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Maryland pit bull ruling is challenged in federal court

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By FrankCBranchini - Posted on 13 September 2012,0,1004894.story

Maryland pit bull ruling is challenged in federal court

Suit seeks to overturn ruling on constitutional grounds and save residents at Armistead Gardens from eviction

·          By Ian Duncan, The Baltimore Sun

4:28 p.m. EDT, September 12, 2012

A resident at the low-income Armistead Gardens housing development is suing the state in federal court, asking judges to strike down a recent ruling that pit bulls are inherently dangerous.

In a complaint filed Wednesday, lawyers for Joseph Weigel argue that he faces homelessness if he refuses to give up his dog.

Armistead Homes Corporation, which manages Armistead Gardens, notified tenants on Aug. 21 that they must give up dogs that could be pit bulls or be evicted, according to the suit.

Under the terms of the ruling, landlords could potentially be liable if a pit bull attacks a person on their property.

As a result, the suit argues that in its recent ruling, the Maryland Court of Appeals unconstitutionally overrode the property rights of people like Weigel because it forces landlords to make residents choose between their homes or their pets.

Charles H. Edwards, Weigel's attorney, said that if a restraining order is not issued, Weigel will be homeless before the end of September. While Weigel is the only resident of the development named in the suit, Edwards said it could apply to as many as 500 dog owners who live there.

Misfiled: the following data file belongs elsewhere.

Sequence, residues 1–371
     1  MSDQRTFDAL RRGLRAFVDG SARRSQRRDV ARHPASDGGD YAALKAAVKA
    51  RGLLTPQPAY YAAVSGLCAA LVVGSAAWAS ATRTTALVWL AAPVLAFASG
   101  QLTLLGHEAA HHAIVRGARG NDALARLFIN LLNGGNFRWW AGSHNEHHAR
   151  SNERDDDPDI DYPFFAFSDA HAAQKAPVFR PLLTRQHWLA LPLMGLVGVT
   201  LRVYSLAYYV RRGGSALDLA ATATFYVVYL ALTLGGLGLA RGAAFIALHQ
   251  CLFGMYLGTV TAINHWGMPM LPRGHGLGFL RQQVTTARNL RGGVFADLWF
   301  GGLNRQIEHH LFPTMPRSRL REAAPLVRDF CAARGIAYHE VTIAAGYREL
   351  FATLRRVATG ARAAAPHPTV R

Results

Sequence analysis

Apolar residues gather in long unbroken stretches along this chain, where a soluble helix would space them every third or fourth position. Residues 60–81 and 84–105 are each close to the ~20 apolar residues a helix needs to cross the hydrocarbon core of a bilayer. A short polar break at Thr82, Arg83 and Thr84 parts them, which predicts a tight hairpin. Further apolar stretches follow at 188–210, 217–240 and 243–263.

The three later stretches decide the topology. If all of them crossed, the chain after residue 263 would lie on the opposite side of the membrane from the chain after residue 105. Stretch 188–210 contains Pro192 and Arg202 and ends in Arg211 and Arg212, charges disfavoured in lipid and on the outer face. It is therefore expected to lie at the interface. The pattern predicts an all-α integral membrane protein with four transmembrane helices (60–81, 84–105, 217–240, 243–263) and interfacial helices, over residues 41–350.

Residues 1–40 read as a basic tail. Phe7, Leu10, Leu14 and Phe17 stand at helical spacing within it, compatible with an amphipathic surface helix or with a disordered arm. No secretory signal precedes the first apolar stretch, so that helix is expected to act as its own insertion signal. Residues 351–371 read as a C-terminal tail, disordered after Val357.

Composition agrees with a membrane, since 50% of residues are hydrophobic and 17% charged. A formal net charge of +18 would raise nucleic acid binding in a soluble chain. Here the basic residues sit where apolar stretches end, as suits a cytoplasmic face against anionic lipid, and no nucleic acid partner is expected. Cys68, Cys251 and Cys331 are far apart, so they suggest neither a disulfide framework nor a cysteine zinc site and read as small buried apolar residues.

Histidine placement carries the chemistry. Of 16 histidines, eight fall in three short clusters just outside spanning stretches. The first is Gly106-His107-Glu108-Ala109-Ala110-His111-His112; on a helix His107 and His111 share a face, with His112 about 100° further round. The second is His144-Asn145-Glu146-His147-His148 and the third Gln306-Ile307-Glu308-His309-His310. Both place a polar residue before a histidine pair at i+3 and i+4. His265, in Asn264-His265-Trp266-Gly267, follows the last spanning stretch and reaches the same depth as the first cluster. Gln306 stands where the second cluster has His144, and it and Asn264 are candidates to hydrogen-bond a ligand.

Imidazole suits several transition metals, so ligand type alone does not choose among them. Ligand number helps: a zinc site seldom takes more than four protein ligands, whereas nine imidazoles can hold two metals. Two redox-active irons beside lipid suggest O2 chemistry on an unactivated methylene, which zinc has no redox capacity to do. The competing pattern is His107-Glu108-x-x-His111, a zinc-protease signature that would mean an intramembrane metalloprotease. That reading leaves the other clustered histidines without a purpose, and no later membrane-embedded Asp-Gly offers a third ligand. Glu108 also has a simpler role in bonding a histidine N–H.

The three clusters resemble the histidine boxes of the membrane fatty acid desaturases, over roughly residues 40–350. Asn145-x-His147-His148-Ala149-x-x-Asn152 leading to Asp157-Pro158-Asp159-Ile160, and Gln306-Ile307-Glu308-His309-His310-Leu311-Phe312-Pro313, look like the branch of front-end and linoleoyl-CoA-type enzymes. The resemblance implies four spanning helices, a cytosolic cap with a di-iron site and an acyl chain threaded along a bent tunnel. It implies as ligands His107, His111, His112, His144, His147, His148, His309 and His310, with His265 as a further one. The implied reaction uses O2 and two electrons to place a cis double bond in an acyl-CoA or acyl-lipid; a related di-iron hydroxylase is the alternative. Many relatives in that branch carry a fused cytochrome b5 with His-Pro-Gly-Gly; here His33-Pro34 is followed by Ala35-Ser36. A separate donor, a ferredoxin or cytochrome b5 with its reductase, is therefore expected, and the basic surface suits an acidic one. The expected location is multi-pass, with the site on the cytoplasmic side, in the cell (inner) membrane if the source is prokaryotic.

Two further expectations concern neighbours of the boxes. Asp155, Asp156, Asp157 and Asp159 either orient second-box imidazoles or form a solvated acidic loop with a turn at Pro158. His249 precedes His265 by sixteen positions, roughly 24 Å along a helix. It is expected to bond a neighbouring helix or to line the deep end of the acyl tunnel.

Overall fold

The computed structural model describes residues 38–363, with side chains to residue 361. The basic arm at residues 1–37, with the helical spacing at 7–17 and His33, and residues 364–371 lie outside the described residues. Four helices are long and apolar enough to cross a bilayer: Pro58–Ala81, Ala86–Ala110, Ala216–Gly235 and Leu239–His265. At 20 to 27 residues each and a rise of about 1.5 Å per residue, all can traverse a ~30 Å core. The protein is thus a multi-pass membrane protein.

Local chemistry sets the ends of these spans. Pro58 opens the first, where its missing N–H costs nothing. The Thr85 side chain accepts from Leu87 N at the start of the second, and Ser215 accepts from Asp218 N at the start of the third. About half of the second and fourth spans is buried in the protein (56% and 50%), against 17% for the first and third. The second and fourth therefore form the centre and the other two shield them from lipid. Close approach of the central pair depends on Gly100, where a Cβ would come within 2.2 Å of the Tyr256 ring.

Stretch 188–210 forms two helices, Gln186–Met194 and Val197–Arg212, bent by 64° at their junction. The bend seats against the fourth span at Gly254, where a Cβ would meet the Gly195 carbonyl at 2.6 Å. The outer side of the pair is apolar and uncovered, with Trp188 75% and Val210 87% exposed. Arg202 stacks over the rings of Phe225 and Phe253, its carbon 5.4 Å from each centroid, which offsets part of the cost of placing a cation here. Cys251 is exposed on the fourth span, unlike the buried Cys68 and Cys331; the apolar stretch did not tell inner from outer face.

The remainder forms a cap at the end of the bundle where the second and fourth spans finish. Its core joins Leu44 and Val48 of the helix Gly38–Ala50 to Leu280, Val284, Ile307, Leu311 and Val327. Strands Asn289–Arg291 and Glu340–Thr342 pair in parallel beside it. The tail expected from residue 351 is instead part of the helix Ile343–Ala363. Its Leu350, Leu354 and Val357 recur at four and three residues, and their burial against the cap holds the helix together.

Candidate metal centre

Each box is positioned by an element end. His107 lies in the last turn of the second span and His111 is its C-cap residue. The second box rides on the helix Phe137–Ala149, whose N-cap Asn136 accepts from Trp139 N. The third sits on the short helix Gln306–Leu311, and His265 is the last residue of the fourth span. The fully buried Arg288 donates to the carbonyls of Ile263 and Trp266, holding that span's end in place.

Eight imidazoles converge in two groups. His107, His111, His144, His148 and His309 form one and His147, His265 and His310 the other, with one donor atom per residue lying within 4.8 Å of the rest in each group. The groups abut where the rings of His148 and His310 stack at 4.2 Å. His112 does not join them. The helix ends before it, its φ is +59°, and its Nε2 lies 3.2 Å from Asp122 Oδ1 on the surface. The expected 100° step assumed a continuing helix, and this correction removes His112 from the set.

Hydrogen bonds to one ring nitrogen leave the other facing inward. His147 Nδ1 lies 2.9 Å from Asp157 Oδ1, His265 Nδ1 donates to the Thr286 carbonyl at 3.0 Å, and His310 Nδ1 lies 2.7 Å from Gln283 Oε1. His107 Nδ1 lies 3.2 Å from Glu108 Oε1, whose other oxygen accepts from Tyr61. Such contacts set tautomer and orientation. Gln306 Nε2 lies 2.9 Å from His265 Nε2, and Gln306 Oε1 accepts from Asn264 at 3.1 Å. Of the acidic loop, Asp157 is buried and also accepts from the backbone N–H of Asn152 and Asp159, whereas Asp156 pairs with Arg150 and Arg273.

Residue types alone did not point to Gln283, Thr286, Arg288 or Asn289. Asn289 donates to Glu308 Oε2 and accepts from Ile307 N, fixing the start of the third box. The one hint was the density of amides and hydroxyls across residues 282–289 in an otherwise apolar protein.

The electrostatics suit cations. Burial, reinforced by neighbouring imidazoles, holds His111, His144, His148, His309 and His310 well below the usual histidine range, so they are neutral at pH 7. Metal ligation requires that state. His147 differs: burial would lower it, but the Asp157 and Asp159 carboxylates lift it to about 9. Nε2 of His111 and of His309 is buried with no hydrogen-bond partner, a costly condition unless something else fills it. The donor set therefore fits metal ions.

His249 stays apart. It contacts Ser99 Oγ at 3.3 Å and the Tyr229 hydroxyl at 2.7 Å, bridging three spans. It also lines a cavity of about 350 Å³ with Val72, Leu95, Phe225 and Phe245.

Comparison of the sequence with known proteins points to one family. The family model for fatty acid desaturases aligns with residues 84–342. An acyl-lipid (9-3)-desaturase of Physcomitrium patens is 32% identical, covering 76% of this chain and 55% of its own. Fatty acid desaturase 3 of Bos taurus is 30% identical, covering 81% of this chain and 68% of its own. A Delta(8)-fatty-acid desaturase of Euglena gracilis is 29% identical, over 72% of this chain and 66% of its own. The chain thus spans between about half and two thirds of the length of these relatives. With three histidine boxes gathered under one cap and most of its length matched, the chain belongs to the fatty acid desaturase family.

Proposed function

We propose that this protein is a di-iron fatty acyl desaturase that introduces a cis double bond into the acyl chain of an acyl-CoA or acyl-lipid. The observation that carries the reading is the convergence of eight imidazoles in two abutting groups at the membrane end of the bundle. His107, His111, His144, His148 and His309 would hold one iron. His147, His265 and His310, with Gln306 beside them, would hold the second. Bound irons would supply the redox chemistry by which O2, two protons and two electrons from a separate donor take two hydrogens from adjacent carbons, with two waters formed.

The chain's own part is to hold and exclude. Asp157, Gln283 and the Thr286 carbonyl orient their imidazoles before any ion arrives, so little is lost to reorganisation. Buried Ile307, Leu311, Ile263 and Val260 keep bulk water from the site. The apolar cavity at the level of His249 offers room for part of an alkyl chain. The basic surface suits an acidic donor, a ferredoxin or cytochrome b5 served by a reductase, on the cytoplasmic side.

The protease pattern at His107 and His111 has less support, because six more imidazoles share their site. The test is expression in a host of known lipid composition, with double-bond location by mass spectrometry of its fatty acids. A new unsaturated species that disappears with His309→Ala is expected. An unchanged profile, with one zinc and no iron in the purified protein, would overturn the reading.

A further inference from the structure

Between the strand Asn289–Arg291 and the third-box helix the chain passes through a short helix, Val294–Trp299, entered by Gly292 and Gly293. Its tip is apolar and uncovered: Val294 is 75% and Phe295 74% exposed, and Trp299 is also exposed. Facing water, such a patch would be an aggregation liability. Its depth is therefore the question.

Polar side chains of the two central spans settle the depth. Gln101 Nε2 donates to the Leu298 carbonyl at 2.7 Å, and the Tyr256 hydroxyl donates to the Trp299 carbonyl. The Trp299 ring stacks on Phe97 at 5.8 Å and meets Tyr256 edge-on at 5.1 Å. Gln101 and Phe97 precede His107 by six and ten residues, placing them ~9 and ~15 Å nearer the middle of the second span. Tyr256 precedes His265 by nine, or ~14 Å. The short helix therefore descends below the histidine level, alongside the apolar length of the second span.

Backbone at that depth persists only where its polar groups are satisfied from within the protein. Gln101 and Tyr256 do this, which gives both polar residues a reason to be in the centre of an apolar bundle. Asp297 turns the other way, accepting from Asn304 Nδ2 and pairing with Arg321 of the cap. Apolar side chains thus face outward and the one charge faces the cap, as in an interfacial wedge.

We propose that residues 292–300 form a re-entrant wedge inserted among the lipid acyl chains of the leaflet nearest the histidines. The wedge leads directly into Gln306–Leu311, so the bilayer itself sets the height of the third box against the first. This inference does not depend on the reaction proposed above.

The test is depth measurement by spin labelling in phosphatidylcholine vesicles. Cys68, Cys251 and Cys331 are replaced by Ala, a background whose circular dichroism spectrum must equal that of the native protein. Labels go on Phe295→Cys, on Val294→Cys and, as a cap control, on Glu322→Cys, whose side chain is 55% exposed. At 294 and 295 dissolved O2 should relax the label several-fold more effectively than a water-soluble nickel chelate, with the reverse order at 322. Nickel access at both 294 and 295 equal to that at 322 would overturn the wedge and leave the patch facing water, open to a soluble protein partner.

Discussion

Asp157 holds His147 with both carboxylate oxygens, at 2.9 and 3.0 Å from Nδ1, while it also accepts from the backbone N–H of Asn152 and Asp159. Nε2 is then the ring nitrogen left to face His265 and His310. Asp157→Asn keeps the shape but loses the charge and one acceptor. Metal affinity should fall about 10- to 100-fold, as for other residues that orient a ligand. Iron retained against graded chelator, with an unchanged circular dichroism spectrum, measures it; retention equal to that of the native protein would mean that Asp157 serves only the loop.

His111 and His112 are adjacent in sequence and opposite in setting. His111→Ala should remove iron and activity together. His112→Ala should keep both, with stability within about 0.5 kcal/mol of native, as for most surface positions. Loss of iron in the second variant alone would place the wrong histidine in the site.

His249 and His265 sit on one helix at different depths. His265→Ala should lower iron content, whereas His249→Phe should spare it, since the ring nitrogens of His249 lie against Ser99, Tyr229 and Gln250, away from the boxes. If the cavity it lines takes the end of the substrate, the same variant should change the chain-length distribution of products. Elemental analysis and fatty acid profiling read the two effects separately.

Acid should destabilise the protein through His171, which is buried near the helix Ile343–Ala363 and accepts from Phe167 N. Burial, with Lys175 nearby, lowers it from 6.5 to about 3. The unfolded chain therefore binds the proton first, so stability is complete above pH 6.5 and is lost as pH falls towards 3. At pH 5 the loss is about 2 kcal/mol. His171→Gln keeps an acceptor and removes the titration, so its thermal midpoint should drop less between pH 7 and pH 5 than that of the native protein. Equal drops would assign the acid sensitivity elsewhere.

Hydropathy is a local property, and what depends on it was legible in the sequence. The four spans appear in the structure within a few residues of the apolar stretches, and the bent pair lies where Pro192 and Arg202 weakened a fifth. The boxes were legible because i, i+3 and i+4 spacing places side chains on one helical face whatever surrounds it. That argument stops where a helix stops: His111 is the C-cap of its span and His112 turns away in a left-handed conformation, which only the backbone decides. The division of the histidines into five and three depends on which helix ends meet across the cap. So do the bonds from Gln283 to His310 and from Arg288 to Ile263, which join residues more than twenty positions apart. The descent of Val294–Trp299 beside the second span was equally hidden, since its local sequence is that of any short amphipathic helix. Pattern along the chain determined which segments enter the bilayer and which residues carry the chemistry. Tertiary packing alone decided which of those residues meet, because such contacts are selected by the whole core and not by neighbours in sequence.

"These people are faced with a very hard choice — homelessness or euthanization of their dogs," Edwards said.

In August, the appeals court partly walked back its original ruling, applying it only to pure breed pit bulls. But pit bull is not a breed of dog, rather an umbrella term for three different breeds and Armistead Gardens told residents to get rid of pure and mixed-bred pit bulls.

Edwards said his approach to challenging the law is novel but he was honest about his chances of success.

"It's an incredibly difficult case to win, but you got to do something," he said.

Armistead Gardens did not immediately respond to requests for comment on the suit. And the State Attorney General's office was not immediately able to comment.


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